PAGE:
If only Tay had taken advice from Dr. Dre: "I don't smoke weed or sess / Cause it's known to give a brother brain damage / And brain damage on the mic don't manage nothing / But making a sucker and you equal..."
“I don’t smoke weed or sess / Cause it’s known to give a brother brain damage / And brain damage on the mic don’t manage…”

This hope is at ends with AI’s Dark Secret–the one that never seems to make it into the press with its claims about AI’s up-and-coming “singularity”–solutions to the most interesting problems in AI rely entirely on training data. Some of this is supervised, some it is unsupervised, but it all still relies on the data it’s fed. With that, it comes to replicate whatever it’s been provided: garbage in, garbage out.

And so, this is where the shock comes from. For the first time, white, male quantitative researchers are smacked upside the head with the reality that the world exhibits sexist and racist tendencies. The data they’ve provided is digested and learned into biases. It turns out, building that perfectly logically deductive system, free from bias–a consciousness liberated from the social confines of human existence–isn’t just hard, but possibly impossible.

This isn’t a bad thing–perhaps disappointing to a slowly dying vision of AI. The upside though is that the majority of the evidence up to the present for *ist tendencies in society has been qualitative. You have to trust individuals synopses of their aggregate subjective experiences that privilege and bias exist. Right here, we’re seeing quantitative evidence that supports their testimonies.

There’s a two fold effect there: hopefully, it opens up quantitative researchers to acknowledging better the validity of qualitative research. Simultaneously, it confirms the discoveries of a lot of that qualitative research through discovering the same things from a totally different angle. That sort of independent confirmation is ideal in scientific work, and this convergence is just exactly that. We’re seeing decades of social science research supported by evidence from entirely different methods. In a discipline filled with men, this is unequivocal evidence that there are issues that need to be addressed, derived from the methods within that discipline. Sexism and racism suck, but with AI finally bumping into them and providing firm support for them as real issues, perhaps we can have better luck garnering public support in the larger social sphere.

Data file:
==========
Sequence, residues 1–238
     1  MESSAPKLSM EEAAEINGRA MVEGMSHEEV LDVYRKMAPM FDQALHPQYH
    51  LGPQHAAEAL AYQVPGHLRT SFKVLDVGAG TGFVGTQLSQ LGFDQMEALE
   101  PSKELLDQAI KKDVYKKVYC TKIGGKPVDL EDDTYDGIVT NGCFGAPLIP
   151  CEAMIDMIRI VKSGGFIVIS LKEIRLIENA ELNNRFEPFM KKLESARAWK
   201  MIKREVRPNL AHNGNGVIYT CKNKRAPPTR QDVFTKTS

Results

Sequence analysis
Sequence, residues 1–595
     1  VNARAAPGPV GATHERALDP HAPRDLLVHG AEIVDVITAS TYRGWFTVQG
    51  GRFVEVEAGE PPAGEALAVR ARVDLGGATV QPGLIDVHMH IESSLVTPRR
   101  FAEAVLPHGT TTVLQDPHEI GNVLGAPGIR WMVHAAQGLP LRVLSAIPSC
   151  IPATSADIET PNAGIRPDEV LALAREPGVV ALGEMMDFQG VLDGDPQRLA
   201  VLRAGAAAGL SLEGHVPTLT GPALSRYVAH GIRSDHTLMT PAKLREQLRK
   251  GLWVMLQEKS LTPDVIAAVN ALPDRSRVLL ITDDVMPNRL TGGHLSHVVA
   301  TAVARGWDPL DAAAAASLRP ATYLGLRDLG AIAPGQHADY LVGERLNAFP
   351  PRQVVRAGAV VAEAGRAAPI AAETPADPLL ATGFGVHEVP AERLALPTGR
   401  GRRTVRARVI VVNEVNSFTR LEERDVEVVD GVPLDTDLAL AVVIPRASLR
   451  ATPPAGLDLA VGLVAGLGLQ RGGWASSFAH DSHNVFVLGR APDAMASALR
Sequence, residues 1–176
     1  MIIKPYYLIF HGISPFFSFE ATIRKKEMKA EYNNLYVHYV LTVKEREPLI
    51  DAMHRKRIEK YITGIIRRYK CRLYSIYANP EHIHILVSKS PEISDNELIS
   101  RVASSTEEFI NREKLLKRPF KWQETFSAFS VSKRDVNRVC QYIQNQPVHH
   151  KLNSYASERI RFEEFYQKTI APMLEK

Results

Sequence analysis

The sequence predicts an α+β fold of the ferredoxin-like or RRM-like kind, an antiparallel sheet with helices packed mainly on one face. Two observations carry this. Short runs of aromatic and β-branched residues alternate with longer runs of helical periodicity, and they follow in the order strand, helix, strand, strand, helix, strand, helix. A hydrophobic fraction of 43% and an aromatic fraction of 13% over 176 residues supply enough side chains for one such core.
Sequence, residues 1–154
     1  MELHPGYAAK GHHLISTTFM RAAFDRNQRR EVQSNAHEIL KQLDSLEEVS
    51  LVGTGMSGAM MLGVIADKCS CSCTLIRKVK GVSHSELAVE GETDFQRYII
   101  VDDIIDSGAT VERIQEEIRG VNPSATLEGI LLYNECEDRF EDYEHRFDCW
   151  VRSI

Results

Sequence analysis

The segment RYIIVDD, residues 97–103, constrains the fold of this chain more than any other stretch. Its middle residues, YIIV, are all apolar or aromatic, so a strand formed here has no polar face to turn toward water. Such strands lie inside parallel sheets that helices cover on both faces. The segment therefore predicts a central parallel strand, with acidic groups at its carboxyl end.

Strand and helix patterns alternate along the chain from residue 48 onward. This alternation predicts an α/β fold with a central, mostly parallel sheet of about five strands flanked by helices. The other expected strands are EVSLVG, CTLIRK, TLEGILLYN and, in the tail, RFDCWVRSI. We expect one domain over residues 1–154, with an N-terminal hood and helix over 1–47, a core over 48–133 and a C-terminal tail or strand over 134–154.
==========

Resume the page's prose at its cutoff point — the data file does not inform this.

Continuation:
“Bing bing, bong bong bong, bing bing.”

In the class I’ve been teaching this summer, for the last few days, we’ve been using a parsed version of the Donald Trump speech corpus that Ryan McDermott posted to Github a few days ago. One of my students mentioned that Donald Trump had made a speech where he said, quote, “Bing bing, bong bong bong, bing bing.”

I was wondering if this particular speech were actually in the corpus. As a teaching activity, we started searching for instances of /[Bb][io]ng/. I also wanted to see what the parser would do with a string like “bing bong bing bing bong”. There’s a possibility that the parser would assume this is a normal sentence and produce something like:

[NP bing bong] [VP bing [NP bing bong]]

Another student asked why were we doing this–searching for such an obscure, non-sense lexical item, when we could be searching for something that is actually meaningful?

The answer I had, in part, was that it’s not that obscure. As it turns out, these items are quite characteristic of Trump’s speech. In this corpus alone—which lacks the famous original “bing bing, bong bong” speech cited above—it appears 24 times (16 if you remove duplicates), often in clusters of three:

“And that’s what we ended up getting–the king of teleprompters.  But, so when I look at these things here I say you know what, it’s so much easier, it would be so nice, just bah, pa, bah, pa, bah, bing, bing, bing.  No problems, get off stage, everybody falls asleep and that’s the end of that.  But we have to do something about these teleprompters.”

“I hear where they don’t want me to use the hairspray. They want me to use the pump because the other one, which I really like better than going bing, bing, bing, and then it comes out in big globs, right? And then you’re stuck in your hair and you say, ‘Oh my God, I have to take a shower again. My hair’s all screwed up.’ ”

“You know, in the old days everything was better right? The car seats. You’d sit in your car and you want to move forward and back, you press a button. Bing, bing. Now, you have to open up things, press a computer, takes you 15 minutes.”

“You know, when you have so many people running – we had 17 and then they started to drop. Ding. Bing. I love it. I love it.”

“On the budget – I’m really good at these things – economy, budgets. I sort of expected this. On the budget, Trump – this is with 15 people remaining – Trump 51%. Everyone else bing.”

“In Paris, I call him the guy with the dirty filthy hat. Okay? Not a smart guy. A dummy. Puts people in there – mastermind – bing, bing, bing, it’s like shooting everybody. You’ve got to be a mastermind.”

“I was like the establishment. They’d all come to me, and I’d give them all money I write checks sometimes to Senators whatever the max – bing, bing, bing.”

The communicative goals of these tokens could constitute an entire discourse paper, but let’s just stick with the basics now. He seems to use it to indicate some kind of quick, repetitive action. It doesn’t seem to have a particular sentiment associated with it: bribing senators, competitors dropping out of the race, committing mass murder, moving the chair conveniently in a car, being annoyed with pump style hair gels, politicians reading off teleprompters.